Writing Process – Timelines

I’m the first person to toss out an outline. I don’t like them. Reminds me too much of being stuck in school trying to finish a report and then remember that the professor wishes to have an outline. I always did it last.

I am however one for a timeline. To me it’s a different ballpark than an outline and very needed for writing fiction. Certain events happen in a certain order, and if you don’t get down that order, or forget that it’s been a specific amount of time from one event to where you mention that event, is far worse than finding a typo in your story.

My timelines are normally simple. I’m going to use a manuscript that I’m still working as an example. I started it around two years ago and put it away when another story is flowing better. So notes are important.

The story starts with a girl who is seventeen and just about to finish high school and then go to college a semester early. This part of the story is easy. She has a countdown, which is normally her first thought every morning and sometimes throughout the day, until she is out of her father house. 

After she left for college was a little more difficult. I chose to start it off with basic dates for when each semester starts and when soccer starts (hero plays the sport not the heroine). At the start of what I consider Part II of the book, I have all the above information. I used to put everything on post-it notes on my computer, but once I had too many concepts at a time and couldn’t remember what went where.

Timelines are also crucial because you don’t want a  “scantily-clad woman” in December…at least not in Chicago…anymore than a snowstorm in August.

Also, keep your timeline handy for comments in the story. If something happened a week ago, you don’t want to say a few days…even more important the other way around.

Another option on how to store timelines is a excel spreadsheet. Another I have that is over several years time span. I charted the ages and dates of important events in multiple character’s lives. It required far more lining up than when school starts. I put the name of each character at the top and their age in one column and the date in another column. I didn’t want the heroine of a 1940′s book to be too young when she was forced to leave home, nor did I want the hero going to WWII in 1946 after the war was over.

There are too many reasons to list why a good solid timeline is necessary but I hope I’ve helped in a few ways to keep it organized.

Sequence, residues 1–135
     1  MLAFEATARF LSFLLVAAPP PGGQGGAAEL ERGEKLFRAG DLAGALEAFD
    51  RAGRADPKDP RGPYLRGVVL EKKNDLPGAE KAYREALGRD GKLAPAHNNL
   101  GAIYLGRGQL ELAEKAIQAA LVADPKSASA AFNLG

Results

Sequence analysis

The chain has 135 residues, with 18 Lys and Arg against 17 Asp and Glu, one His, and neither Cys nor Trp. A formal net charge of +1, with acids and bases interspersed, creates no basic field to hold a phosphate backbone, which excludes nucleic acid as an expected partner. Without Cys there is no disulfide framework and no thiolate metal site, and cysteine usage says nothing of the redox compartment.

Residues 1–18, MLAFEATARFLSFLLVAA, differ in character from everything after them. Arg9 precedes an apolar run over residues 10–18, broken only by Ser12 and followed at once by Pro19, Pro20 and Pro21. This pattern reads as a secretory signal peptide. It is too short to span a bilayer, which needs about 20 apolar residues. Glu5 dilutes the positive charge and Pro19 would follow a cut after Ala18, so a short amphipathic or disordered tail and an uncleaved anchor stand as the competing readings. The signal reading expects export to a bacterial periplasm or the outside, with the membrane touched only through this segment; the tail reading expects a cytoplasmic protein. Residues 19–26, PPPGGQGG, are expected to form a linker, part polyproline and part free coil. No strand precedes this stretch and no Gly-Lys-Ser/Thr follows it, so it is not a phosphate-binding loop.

Happy writing!

 

Suzette Vaughn -Overly-Organized (most of the time) Author of Badeaux Knights and Mortals, Gods, and a Muse

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3 Comments

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3 responses to “Writing Process – Timelines

  1. mickeyhoffman

    Um, I like outlines. When I was writing my novel I would have been lost without one because I had to keep track of all the clues. But I can see where a timeline would help when constructing certain storylines.

    Mickey Hoffman is the author of School of Lies, a murder mystery soon to be published by Second Wind.

  2. dellanioakes

    I hate outlines! Outlines are an anathema, a pariah, something you hold off with an evil eye!

    That being said, I love timelines. I keep careful notes on each story in a 3 ring binder. I keep a list of chapters, characters and a timeline so I know who is doing what when. I’m having problems with my newest historical because I’m having to follow a real timeline and make the story fit. I just realized that I have to jog things around a wee bit because otherwise things are off by two days. This requires going back to square one, so I might just re-write the last two chapters & see if I can fix it rather than going all the way back. EEK!

    Dellani Oakes is the semi-hysterical author of “Indian Summer”, an historical romance published by Second Wind.

  3. Mickey Hoffman

    Is that a new genre, hysterical romance?
    Sorry, couldn’t resist. You’re funny.

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